Bonnie and Clyde: Legends or Economics?
What accounts for the persistence of the legend of Bonnie and Clyde? For two not particularly distinguished criminals from a bygone era in American history, the staying power in the collective consciousness of Clyde Barrow and Bonnie Parker is nothing short of remarkable. In part, the media has played a substantial role, with the early 1967 Arthur Penn film having been succeeded in 2013 by a television miniseries about the duo and their gang. I hope to demonstrate through an examination of the historical source material that the reason for Bonnie and Clyde’s persistence is explainable in one single word: economics. What Bonnie and Clyde signify ...view middle of the document...
As Phillip Steele writes in his biographical study of the Barrow family (written in consultation with Clyde Barrow’s youngest sister) the Barrow family was able to find an economic windfall in Texas based on the sudden emergence of cars in American life:
Henry Barrow, with financial help from his daughter Nell, managed to acquire a small frame home for his family near the campground. Soon afterward, Clyde helped his father convert the front part of the home into a gas station and garage, while they kept the back apartment for their living area. Recognizing Clyde’s natural ability for repairing and servicing automobiles, Henry encouraged his son to help him develop a successful business. This offered Clyde his first opportunity to “own” his own business, and at the same time help his parents, brothers, and sisters establish roots and better survive the seemingly endless depression. (Steele 33-4)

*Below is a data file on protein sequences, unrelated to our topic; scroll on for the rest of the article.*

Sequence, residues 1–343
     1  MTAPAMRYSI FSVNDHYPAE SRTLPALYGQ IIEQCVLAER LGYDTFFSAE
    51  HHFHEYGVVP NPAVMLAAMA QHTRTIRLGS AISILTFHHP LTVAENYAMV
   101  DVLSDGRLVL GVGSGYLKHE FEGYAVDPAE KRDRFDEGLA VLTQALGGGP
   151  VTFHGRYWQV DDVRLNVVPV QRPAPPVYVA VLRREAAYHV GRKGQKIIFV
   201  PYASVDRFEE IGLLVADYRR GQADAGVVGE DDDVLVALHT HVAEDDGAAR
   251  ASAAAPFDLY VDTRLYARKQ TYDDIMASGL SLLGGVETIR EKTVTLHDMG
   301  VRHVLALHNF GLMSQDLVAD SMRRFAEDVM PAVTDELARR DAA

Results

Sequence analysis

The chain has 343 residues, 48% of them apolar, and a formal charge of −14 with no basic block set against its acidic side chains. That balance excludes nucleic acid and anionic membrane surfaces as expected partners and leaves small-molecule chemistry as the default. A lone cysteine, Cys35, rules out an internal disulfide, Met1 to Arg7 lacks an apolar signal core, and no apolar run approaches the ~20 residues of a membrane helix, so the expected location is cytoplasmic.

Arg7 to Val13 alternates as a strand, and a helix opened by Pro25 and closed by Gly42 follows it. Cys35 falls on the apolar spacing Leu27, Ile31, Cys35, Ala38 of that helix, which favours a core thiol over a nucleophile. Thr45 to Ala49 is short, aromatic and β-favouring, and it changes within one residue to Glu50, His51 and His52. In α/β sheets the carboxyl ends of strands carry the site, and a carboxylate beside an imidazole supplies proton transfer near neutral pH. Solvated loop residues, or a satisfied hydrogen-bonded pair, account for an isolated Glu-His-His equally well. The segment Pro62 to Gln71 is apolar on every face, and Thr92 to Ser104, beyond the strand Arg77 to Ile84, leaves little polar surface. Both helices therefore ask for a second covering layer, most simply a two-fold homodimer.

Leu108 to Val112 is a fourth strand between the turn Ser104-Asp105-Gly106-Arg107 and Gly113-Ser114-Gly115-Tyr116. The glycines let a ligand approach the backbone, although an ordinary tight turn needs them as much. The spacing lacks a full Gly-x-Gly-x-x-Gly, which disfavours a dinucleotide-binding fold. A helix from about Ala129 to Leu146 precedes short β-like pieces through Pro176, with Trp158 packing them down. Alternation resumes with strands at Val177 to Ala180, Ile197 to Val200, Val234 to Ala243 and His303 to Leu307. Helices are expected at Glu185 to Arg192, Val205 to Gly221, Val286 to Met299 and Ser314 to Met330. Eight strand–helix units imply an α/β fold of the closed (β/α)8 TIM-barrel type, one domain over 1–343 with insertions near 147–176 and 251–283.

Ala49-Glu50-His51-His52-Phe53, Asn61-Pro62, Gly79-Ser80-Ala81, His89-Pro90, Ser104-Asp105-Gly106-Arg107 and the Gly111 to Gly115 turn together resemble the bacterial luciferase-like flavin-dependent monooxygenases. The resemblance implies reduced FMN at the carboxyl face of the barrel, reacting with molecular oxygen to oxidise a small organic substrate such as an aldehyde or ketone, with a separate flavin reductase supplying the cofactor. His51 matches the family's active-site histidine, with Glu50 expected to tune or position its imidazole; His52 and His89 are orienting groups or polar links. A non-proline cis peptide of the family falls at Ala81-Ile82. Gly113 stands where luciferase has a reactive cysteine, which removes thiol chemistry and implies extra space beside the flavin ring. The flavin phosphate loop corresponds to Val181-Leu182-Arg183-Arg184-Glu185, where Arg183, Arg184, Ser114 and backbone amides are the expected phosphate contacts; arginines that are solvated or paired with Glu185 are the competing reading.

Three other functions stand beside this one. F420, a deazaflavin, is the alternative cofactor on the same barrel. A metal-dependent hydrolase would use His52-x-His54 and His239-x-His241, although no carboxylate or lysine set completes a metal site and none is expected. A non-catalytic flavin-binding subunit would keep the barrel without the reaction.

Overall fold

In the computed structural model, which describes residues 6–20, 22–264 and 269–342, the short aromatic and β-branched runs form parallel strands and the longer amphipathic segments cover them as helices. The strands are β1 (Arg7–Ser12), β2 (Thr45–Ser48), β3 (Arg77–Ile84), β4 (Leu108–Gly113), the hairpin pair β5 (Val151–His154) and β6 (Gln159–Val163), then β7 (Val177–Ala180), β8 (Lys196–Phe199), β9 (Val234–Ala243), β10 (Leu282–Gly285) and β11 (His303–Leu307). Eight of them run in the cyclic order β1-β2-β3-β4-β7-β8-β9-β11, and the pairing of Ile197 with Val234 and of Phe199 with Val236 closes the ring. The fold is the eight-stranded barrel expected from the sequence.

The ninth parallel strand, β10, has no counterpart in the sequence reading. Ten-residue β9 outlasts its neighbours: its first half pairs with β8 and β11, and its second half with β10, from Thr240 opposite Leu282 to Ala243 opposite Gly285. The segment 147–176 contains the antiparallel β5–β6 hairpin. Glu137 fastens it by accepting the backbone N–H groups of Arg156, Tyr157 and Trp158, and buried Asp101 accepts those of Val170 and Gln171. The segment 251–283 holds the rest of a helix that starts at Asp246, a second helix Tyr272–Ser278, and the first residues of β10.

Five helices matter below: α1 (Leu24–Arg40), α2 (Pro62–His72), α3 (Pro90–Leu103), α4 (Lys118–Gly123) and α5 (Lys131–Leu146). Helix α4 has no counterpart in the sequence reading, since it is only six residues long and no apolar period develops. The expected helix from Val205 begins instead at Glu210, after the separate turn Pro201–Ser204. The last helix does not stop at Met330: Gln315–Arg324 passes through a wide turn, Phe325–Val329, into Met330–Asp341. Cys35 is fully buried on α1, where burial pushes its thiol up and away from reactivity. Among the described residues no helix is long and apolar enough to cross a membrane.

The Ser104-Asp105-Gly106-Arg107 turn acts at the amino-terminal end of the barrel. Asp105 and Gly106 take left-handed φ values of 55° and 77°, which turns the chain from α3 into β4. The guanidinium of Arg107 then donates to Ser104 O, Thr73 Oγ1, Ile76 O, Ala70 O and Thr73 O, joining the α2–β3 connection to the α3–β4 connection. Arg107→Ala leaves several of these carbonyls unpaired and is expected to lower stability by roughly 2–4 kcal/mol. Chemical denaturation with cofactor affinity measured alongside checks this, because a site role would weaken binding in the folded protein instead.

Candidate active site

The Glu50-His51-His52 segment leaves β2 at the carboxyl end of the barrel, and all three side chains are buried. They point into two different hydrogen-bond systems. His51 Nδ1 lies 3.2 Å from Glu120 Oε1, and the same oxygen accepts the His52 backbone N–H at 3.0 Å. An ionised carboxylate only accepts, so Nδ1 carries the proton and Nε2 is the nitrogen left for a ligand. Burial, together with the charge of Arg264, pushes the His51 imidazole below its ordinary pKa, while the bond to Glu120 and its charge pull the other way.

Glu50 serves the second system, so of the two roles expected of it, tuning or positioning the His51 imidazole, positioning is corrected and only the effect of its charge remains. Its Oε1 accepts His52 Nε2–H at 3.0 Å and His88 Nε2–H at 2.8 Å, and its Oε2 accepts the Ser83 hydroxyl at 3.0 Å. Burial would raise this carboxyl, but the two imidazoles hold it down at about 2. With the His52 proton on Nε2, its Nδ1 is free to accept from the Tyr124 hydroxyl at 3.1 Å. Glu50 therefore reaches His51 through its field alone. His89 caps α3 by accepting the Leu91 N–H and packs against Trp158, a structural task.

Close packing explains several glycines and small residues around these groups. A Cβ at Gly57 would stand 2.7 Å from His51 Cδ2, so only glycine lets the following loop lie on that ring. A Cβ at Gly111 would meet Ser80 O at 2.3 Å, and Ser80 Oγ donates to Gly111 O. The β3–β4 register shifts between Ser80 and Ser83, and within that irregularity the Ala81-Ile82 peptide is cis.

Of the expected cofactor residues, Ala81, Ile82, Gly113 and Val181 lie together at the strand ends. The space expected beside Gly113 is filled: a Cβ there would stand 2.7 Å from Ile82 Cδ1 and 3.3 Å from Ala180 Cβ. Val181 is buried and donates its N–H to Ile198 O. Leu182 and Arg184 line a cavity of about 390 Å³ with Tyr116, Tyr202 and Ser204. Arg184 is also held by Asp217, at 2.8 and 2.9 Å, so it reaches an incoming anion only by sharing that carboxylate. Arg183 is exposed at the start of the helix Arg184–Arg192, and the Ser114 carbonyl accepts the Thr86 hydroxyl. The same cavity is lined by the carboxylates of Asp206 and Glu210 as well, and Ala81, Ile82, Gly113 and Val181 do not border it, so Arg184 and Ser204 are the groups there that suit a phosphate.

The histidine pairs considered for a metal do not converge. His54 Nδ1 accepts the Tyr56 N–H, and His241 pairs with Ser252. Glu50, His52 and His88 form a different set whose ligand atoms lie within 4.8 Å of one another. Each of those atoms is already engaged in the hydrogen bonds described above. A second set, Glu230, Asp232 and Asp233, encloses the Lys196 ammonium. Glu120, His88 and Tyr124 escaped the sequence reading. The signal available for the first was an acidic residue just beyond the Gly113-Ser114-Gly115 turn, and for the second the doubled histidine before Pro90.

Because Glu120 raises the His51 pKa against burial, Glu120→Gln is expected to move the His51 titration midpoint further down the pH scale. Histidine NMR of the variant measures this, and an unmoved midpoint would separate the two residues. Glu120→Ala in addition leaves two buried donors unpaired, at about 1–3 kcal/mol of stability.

The fact, then, that automobiles would become crucial to the livelihood of Clyde Barrow’s criminal activity later is not accidental: he was essentially part of the founding generation of American car mechanics. The difficulty here is that he was repairing and servicing vehicles in Texas, a period that would be particularly devastated by the economic crisis of the 1930s for a variety of reasons.
At the time that Bonnie Parker first met Clyde Barrow in early 1930, both had been badly affected by the Great Depression. Schneider notes that, although Bonnie Parker had previously found work as a waitress, by the time she met up with Barrow (at the age of nineteen) she was again, unsurprisingly, unemployed: “[Bonnie Parker] lost her job, and she came to my beauty shop looking for work, says Artie, who, unfortunately, doesn’t have any work to give her little brother’s girlfriend. ‘She was just another one of those Depression kids like Clyde.’ Bonnie is between jobs in an economy with unemployment at 20 percent and heading up.” (Schneider 119). Barrow’s circumstances were similarly a reflection of the overall economic climate of the country, but in particular the devastation that would sweep Texas and the surrounding regions as the Great Depression combined with the Dust Bowl to essentially collapse local economies. As Jeff Guinn writes in his study of the pair, after Barrow had lost his work in the family-owned service station, and not long after he had met Bonnie Parker,
[Barrow] began job hunting at a time when the state and local economies were at their lowest point yet. Particularly in the South and Southwest, 1931 had been financially devastating. Cotton prices dropped to four cents a pound. The year’s wheat crop set a record of 250 million bushels, but the twenty-five-cent sales price of each bushel was half of what it cost the farmer to grow it. Banks had no choice but to foreclose on farms, and then the government began its own stream of farm foreclosures for failure to pay taxes. An average of twenty thousand farms across America...